Bangkok, Thailand

Bangkok, located in Central Thailand has a population of 8 million producing waste over 9,000 tons of municipal waste per day. Out of the waste generated, 50% is organic, 10.3% is recyclable and 39.7% falls under the category of ‘others’. Most of this waste ends up in landfills, affecting the environment to its maximum. It is observed that 50% of the organic waste is food waste generated in homes, cafes and hotels that are present throughout the city. The city has been suggested to implement the strategy of converting organic waste to produce the larvae of black soldier fly that is then used as a quality protein source for feeding poultry and intensive aquaculture production systems.

Therefore, to close the elusive nutrient loop, there are several opportunities to connect cities to farms. By producing zero waste, this integrated approach, based on the conversion of waste to value chains, conforms to the circular economy approach.

Kuala Lumpur, Malaysia

Kuala Lumpur is the largest and the capital city of Malaysia with its key economic activities of tourism, finance, electronic manufacturing and construction. It is located in the Klang Valley Basin in Peninsular Malaysia where most of the plastic pollution enters the river. This city was selected as one of the pilot project sites for ESCAP’s ‘Closing the Loop’ program partnered with the Government of Japan. Kuala Lumpur’s urban policy priorities the development of public projects in a sustainable way however, the city needs to curb its plastic pollution to a great extent.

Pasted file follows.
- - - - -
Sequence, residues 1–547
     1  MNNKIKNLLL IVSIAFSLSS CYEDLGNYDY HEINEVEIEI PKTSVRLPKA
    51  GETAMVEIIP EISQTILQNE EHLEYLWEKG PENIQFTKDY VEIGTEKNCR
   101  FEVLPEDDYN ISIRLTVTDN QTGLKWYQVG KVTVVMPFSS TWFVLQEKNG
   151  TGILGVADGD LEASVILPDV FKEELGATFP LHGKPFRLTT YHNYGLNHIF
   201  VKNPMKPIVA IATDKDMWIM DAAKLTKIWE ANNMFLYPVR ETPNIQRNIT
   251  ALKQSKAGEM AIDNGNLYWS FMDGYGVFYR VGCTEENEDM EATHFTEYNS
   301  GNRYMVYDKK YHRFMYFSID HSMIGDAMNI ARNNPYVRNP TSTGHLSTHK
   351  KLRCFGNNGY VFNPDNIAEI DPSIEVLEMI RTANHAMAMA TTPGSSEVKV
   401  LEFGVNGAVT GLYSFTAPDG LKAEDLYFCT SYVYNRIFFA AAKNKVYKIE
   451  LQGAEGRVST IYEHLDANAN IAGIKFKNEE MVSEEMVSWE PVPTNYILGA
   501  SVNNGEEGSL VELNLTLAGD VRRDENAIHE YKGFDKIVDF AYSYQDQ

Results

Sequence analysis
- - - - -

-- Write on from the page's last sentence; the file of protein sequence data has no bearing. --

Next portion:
Closing the Loop will be working with district and state-level government alongside private and NGO actors to manage plastic pollution and leakage in the Klang River. Due to the limited availability of data on plastic pollution, there is considerable scope to further understanding plastic waste in Kuala Lumpur.

Surabaya, Indonesia

Surabaya is the second-largest city in Indonesia and also a regional centre for development, trade and culture. Tackling water pollution along with flooding and climate change remains the biggest environmental challenge for the city. The City Government is responsible for implementing various development and waste management initiatives through a structure of community and neighbourhood associations. Surabaya was selected as another project city for ESCAP’s ‘Closing the Loop’ program.

Surabaya has a strong system of community waste management, with individual districts and neighbourhoods collecting, segregating and processing household waste. Such a strong focus on sustainability has led to international recognition and high environmental standards compared to many ASEAN cities. Government incentives and investment has allowed the establishment of over 200 community-scale waste disposal and 21 composting sites. Closing the Loop will engage this network alongside local government agencies to improve plastic waste tracking and management in the city.

About the Author

Nehmat Singh (LinkedIn) is a geographer and urbanist with interest areas in an urban environment, ecosystem services and sustainability. She pursued her master's in urban management and development from IHS, Erasmus University Rotterdam. Along with being an urban enthusiast, she is constantly trying to improve her baking skills.





4. Leong, H.Y., Chang, CK., Khoo, K.S. et al. Waste biorefinery towards a sustainable circular bioeconomy: a solution to global issues. Biotechnol Biofuels 14, 87 (2021).


6. Tian, H. (2016), ‘The Datong Coal Mine Group Ltd and Its Tashan Circular Economy Park: A Business Case’, in Anbumozhi, V. and J. Kim (eds.), Towards a Circular Economy: Corporate Management and Policy Pathways. ERIA Research Project Report 2014-44, Jakarta: ERIA, pp.113-133.